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Part-Time ER vs Part-Time OMY: a Perspective
Old 05-31-2016, 04:46 PM   #1
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Part-Time ER vs Part-Time OMY: a Perspective

Looks like my employer has worked out so I can go to part-time employee status of 3 days/week. I actually like this, since I keep all of my benefits at the same co-pay costs as full-time, which was my goal. I will earn vacation and sick time at the proportional 60% rate I am working, but having 4 day weekends every week I won't need as much vacation time.

If anyone recalls, I was the one who put on my work performance goals at the beginning of the year "Convert to part-time or retire in June". It was not intended as a threat to my mgr, but it seems to have helped get the ball rolling and the slow megacorp wheels grind through the process. They really need my help and knowledge, and part of me is better than none of me for their perspective. So it is kind of a compromise, I get the extra time off work that is more valuable to me than the extra money, and work gets to still utilize my capabilities. I also maintain my salary at current rate, proportional to 60% time of course, but that is much better than anything I could ever get part-time at a different place.

The main benefit from my perspective is being able to keep the good health insurance I have for another 1-1.5 years; at which time I plan to fully retire. Staying on current insurance saves approx $10K/year in cost avoidance. I will be 54 at that point 1.5 years from now, so the ability to start this transition seems a good way to end my career. Also gives me another 1.5 years of investment growth before starting into withdrawal mode.

Here is where perspective comes into play - I will refer to my status as part-time ER'd, instead of being part-time OMY. Exact start date for the part-time is still being worked out, probably within 2-3 weeks. I have no absolute have to stop full-time date, so I can be flexible with the administrative BS it takes to make it happen. I look forward to the extra time off. I am grateful the part-time is able to work out.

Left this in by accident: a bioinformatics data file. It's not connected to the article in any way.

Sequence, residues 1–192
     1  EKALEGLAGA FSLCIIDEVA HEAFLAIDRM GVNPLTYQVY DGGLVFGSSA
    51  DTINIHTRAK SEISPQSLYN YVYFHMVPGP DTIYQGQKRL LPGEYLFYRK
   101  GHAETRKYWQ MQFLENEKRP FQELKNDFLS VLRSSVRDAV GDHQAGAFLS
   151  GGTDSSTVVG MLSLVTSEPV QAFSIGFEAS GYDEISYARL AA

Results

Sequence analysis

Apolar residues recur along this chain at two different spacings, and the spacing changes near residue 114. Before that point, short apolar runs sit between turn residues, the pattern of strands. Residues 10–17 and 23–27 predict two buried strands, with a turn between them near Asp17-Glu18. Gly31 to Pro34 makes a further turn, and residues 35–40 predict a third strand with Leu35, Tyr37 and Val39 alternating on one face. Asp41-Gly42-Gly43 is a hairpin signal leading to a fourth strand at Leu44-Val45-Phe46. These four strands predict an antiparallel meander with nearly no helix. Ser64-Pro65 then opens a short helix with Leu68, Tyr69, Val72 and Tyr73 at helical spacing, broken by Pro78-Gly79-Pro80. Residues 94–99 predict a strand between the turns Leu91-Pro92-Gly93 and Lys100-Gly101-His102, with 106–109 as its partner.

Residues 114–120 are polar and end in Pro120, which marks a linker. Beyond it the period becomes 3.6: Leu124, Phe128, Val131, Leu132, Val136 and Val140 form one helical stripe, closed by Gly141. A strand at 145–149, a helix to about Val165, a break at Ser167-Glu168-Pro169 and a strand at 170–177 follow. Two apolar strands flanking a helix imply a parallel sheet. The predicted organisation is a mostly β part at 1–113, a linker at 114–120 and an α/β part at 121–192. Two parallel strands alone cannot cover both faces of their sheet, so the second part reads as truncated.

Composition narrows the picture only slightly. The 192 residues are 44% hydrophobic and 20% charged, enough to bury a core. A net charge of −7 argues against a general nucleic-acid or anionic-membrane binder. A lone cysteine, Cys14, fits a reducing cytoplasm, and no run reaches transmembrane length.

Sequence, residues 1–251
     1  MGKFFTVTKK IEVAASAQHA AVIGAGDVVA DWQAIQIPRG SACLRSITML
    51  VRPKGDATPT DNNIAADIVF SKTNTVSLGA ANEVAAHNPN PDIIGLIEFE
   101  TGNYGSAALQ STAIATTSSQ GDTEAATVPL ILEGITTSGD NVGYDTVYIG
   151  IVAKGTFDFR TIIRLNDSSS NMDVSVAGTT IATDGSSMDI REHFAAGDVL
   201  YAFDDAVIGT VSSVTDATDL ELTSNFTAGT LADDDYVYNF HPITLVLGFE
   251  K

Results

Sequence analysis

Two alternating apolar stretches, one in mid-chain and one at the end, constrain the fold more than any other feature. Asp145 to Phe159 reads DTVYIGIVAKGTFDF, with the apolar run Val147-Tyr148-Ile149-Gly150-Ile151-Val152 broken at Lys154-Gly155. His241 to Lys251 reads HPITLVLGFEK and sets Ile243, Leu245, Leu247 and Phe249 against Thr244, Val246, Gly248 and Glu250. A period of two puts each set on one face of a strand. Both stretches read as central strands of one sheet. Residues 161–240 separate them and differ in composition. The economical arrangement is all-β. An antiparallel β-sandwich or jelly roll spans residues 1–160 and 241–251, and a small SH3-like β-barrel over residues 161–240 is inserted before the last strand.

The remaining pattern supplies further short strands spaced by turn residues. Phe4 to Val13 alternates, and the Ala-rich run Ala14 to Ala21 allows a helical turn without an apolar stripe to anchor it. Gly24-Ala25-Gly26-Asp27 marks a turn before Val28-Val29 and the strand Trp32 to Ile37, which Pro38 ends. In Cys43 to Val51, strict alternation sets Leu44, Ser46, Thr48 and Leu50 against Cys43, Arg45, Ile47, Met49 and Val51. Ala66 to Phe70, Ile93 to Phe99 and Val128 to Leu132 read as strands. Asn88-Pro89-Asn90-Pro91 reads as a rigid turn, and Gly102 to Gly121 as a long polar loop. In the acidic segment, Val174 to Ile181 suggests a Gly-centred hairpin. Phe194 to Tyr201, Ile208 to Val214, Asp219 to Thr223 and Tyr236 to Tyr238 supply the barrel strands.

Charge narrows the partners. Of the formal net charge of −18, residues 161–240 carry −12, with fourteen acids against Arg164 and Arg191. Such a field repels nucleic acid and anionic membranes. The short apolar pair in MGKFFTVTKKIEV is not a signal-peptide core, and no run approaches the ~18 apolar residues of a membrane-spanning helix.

After Monday & Tuesday even the calendar says, W-T-F...

Semi-Retired 7/1/16: working part-time (60%) for now [4/24/17 changed to 80%]
Retired Aug 2, 2017; age 53
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Old 05-31-2016, 05:04 PM   #2
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Sounds like you worked a great deal.

I did something similar after the birth of my first child... Went to 3 days a week. DH went to 4 days a week. This worked out since we had a friend who wanted to do part time childcare - and 2 days a week worked for her.

I had to up it to 4 days a week when I transferred departments (and states).... But part time gives you so much flexibility - it's a good compromise.

Retired June 2014. No longer an enginerd - now I'm just a nerd.
micro pensions 7%, rental income 18%
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Old 05-31-2016, 05:21 PM   #3
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That is a good plan and one that lots of employers should offer. Gives the employee time to wind down and prepare, gives the employer time to hire the right person and get them trained.
Retired at 59 in 2014. Should have done it sooner but I worried too much.
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Old 05-31-2016, 05:29 PM   #4
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I did something similar and it worked great for me. A couple of years where I didn't have to eat (much) into my investments. I chose to work 1/2 days, which worked out well for going to the very nearby ski hill on winter mornings, or afternoon hikes and runs the rest of the year. And when I wanted an extra day or two, it only cost me 4 hours of accrued vacation. The only gotcha to watch for is that your off days really are off, and your 3 work days don't stretch too long.
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Old 05-31-2016, 07:33 PM   #5
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Same approach worked for DH too, went PT last summer, kept bonus + bene's. It was a real good way to transition for him and his Mega. He was also very diligent with his hours. He works 5 days, 4 hours each, all mornings. On days they wanted him on calls in the afternoon, he logged and tracked and took the time back later in the week. This avoided any chance of working beyond his hours and falling back into FT patterns.

I saw an immediate difference in him, happier, stress was gone, as his responsibilities (i.e. direct reports) also moved to another leader once he went PT.

I'm not familiar with all the details, but his Mega did say if he stayed thru 2017 they will require 30 hours for PT to keep full benefits, something to do with ACA. We didn't pay much attention since there's a near zero chance he'll be there next year. But you may want to just double check for next year to prepare in case the rules change.
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Old 05-31-2016, 07:51 PM   #6
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Currently on 1/2 days as well, possibly for 1 -2 years as it is open with my new employer, the group I sold the business to.